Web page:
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Daisies At a Pond In Rowe. June 11, 2010

Posted by littlebangtheory in Art and Nature.
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Driving through Rowe after work yesterday (yeah, it’s kinda the long way home) I was slapped silly by a planar clump of daisies along the edge of a pond in Rowe.  It’s the kind of scene which plays well through the eyes of a tilt-shift lens, a rarity in non-planar New England (the Coast excluded.)

On this occasion, under skies carpeted with heavy-bellied clouds, I slammed on the brakes and puled into a ditch to try and beat the rain.   I threw The Unit together, camera and tripod and Elliot, ran across the road, bellied under the guard rail and set up hastily, tilting and shifting like a mad fool.

I didn’t make it.  I got half-way through the set-up, excited about the common plain of the daisies and the snags in the beaver pond, before the skies opened up.  I hunched over the camera, trying to protect the lens’ articulation from the onslaught, and took several bracketed shots at various f-stops, as the tilt function messes up the light meter in the worst way.

So here’s a gift from Elliot, my 24mm Canon TS-E II lens, an image of a pond in Rowe, Massachusetts, flanked by daisies and hawk weed:

This was a gawd-awfully rushed shot, and could have been rendered better; I may try again this weekend.

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Comments»

1. jomegat - June 11, 2010

Nice. Your rushed shots turn out better than a lot of mine.

2. Bobbie - June 11, 2010

Thank you, Elliot!! Very, very nice.

3. Bob - June 11, 2010

You and ole TS are a wonderful match, Cuz.

As always, thanks.

4. clairz - June 12, 2010

Ah, the Scheimpflug principle!

I don’t get it. I looked around your blog for more info on tilt-shift photography and I still don’t get it. Is there any way you can explain it in tiny words, or even refer me to some place that does?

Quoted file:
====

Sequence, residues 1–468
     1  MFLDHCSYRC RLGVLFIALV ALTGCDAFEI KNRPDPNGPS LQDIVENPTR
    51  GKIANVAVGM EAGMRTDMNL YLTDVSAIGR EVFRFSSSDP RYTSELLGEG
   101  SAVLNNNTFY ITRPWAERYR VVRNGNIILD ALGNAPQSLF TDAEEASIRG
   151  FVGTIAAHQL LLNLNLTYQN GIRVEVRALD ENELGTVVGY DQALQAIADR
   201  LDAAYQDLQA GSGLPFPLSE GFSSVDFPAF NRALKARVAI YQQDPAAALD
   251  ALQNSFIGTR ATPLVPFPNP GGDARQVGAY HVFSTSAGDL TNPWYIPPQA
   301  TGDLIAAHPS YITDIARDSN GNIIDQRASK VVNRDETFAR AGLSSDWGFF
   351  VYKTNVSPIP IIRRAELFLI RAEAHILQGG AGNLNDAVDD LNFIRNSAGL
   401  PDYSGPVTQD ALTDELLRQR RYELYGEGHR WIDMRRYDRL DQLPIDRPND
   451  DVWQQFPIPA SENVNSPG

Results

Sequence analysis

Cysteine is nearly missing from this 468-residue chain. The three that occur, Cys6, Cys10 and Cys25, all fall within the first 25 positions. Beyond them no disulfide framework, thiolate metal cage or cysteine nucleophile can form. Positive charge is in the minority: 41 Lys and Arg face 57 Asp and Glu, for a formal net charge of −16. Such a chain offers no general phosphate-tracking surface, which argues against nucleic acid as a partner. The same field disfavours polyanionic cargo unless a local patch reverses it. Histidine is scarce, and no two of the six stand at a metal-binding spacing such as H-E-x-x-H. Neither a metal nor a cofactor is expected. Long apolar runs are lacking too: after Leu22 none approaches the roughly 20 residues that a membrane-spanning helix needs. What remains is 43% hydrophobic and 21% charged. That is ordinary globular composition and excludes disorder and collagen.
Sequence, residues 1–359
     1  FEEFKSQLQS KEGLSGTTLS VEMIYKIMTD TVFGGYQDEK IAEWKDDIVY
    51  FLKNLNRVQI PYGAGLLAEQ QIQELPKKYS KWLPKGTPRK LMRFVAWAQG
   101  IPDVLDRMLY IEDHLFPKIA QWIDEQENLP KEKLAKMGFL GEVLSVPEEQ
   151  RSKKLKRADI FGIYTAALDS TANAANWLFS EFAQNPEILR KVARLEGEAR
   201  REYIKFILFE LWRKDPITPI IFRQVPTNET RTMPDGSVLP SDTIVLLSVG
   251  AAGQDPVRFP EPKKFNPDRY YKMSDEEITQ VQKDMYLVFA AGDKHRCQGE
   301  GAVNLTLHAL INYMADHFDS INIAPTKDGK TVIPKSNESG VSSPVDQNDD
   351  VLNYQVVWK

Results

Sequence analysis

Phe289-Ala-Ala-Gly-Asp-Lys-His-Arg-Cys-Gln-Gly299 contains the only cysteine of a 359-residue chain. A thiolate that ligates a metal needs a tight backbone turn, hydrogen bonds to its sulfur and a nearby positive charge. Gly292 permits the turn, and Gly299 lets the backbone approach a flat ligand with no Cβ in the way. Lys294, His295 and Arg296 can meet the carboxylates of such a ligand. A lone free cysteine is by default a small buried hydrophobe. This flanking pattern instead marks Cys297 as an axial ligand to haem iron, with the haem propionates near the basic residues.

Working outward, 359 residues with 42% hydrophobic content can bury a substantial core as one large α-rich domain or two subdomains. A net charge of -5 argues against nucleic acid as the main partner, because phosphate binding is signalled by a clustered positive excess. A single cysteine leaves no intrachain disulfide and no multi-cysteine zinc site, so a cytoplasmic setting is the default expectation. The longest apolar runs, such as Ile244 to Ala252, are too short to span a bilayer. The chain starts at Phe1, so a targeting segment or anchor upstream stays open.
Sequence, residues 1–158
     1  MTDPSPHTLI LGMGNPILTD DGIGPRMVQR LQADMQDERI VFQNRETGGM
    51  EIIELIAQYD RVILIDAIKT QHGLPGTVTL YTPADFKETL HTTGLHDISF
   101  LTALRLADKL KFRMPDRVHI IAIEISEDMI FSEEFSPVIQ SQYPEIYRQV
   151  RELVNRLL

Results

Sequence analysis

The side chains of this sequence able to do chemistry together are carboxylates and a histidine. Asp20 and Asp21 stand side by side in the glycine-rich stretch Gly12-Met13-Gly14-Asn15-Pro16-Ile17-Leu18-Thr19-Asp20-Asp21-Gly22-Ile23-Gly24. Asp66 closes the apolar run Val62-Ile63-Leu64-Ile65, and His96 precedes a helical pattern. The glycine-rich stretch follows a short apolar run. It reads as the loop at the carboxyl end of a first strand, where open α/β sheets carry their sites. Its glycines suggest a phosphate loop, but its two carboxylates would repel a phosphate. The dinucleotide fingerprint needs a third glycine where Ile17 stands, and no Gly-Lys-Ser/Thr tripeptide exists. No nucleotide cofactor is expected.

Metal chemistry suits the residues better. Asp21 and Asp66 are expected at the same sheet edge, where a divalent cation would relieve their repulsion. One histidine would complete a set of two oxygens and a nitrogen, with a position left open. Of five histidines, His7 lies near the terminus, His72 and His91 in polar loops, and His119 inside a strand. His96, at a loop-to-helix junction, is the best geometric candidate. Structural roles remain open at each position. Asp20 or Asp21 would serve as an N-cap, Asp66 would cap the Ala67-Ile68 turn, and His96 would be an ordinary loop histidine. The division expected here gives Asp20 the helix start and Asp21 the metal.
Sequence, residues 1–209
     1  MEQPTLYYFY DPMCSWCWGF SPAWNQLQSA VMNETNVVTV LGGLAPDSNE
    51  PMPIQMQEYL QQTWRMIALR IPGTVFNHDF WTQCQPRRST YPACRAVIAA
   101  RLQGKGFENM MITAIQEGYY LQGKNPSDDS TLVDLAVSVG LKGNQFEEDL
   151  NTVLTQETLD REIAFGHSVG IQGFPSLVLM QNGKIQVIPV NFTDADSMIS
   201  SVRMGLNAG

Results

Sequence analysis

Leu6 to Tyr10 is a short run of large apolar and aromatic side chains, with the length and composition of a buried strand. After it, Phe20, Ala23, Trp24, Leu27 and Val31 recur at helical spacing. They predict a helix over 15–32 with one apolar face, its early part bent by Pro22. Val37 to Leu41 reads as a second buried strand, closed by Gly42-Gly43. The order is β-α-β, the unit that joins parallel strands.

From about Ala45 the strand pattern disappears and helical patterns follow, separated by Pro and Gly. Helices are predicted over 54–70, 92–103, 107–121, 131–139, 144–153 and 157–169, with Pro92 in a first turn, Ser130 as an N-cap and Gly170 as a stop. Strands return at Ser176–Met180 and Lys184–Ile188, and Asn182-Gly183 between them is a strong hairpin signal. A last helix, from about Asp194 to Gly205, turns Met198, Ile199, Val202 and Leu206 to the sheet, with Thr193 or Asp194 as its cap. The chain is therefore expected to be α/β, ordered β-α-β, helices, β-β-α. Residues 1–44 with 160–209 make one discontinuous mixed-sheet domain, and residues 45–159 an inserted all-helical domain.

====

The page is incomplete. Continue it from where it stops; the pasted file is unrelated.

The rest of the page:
I like the photo. The foreground is in focus; so is the background. Is that part of TS photography? Nothing in my photos seems to ever be in focus, a function of my not-so-great eyesight, so if focus is a part of this, I am feeling a little bit excited. Verklempt, even. I learn so many interesting things on your blog.

5. hisnomore - June 12, 2010

It’s beautiful! The whole thing.

6. littlebangtheory - June 12, 2010

Thank you all – your words encourage me, and if you keep it up, I might even get the hang of this!

Clairz, Tilt/Shift photography refers to a set of techniques which is integral to the mechanics of view cameras, that is, medium and large format cameras where the camera back (which includes the “film plane”) and the lens are separate entities which move relative to each other on rails and are connected by an expandable light-excluding bellows. “Shift” refers to the angle of the film plane relative to the rails (yeah, it’s adjustable,) and “Tilt” refers to the angle of the lens in the same way. “Shift” controls perspective, so that parallel lines can be rendered as parallel despite nature’s tendency to throw “vanishing points” into the works, as when you try to photograph a tall building and it comes out looking like it’s skinnier at the top.

It’s the objective lens tilt (or “swing,” if it’s left to right rather than up and down) which which generates the effect of apparently infinite depth of field (i.e., sharp focus from the foreground to near infinity,) but if you look closely, you’ll see that not everything is in focus. In this case the daisies are, and so are the spruce snags across the pond. But in the full-size version of this photo, neither the tree-horizon nor their wartery bases are sharp; neither are the red hawkweed blossoms, though they’re at the same distance as the daisies. The fact is, they’re not in the plane of sharp focus, as are the daisies and the snags.

Actually, it’s a wedge of sharp focus, thickening with distance from the camera. In T/S photography, the f-stop controls the thickness of this wedge rather than the actual depth of field.

Boy, ask a simple question and this is what you get! You’re doubtless most of the way to understanding this stuff if you’re aware of the Scheimpflug principle; Google that along with the Hinge Rule and you should get some pretty elucidating animations.

And then there’s the unGodly price of the DSLR tilt/shift lenses…

7. pagan sphinx - June 13, 2010

I don’t get it, still. And I would never get it since I both have no talent for the technical aspects of photography, nor the budget.

Oh and now I get why you call the lens Eliot. Cute.

The photo is beautiful. I tend not to notice anything other than that. 🙂


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